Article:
Darshan – The act of simply looking at (beholding) a deity, revered person or sacred object and receiving a blessing in return
In the dark they touched the shank (Darshan) of the elephant respectfully and in return it gave them a blessing. They didn't need to touch the shank, they could have just looked at it to get the blessing.
Darshan is the beholding, or viewing, of a deity (a god), a revered person or a sacred object. Hindus believe that the experience is reciprocal – that is, the god, revered person or object being viewed responds to the viewer by conferring a blessing on them.
Darshan can be practised in the home – for example, in front of an altar with a picture of a deity – or at a site of worship, or in a visualised setting during meditation. Darshan can also be bestowed by a guru on his or her followers.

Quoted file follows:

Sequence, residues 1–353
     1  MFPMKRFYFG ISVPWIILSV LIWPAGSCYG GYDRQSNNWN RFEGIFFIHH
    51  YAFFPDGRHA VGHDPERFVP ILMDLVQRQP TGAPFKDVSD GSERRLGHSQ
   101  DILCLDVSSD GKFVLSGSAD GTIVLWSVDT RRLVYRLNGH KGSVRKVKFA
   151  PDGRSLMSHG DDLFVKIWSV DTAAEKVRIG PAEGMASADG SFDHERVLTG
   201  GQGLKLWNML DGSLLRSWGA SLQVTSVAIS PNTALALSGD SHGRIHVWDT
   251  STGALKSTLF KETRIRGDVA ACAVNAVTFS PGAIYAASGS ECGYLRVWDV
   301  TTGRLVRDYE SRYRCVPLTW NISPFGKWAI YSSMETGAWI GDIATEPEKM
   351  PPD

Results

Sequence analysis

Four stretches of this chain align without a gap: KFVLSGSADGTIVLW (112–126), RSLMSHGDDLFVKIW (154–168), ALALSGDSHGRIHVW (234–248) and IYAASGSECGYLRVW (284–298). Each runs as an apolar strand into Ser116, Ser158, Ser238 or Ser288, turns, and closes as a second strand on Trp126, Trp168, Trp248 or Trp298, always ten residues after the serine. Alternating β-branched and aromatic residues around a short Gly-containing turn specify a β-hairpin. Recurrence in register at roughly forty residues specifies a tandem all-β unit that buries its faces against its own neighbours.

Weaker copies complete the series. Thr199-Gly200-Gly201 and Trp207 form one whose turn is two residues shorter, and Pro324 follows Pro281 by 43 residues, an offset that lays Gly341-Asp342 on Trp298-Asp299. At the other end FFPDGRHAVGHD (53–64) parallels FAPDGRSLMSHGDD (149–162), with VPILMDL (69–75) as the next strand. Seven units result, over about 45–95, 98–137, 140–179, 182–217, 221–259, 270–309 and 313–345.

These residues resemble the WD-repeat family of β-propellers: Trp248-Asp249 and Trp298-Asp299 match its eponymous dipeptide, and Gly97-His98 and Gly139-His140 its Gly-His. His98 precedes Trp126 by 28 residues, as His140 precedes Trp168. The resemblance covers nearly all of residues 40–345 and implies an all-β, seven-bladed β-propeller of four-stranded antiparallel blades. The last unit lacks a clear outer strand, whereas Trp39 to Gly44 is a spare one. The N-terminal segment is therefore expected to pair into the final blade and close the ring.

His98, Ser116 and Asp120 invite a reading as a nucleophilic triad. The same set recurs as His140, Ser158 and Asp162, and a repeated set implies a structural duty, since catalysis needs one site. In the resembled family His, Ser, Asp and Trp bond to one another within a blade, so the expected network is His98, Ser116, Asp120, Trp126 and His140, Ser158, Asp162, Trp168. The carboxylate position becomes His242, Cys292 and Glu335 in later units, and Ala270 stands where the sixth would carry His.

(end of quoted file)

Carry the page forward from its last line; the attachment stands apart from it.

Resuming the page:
Darshan is the act of beholding (intently viewing)a deity, revered person or sacred object in return for a blessing.
The term darshan also refers to Hinduism's six main systems of 'looking' at scripture and other sources of sacred knowledge. These are Shankya, Yoga, Nyaya, Vaisheshika, Mimamsa and Vedanta. Yoga darshan, for instance, refers to the acquisition and retention of two states of mind: one-pointed concentration, and the neutralisation of habitual thought patterns.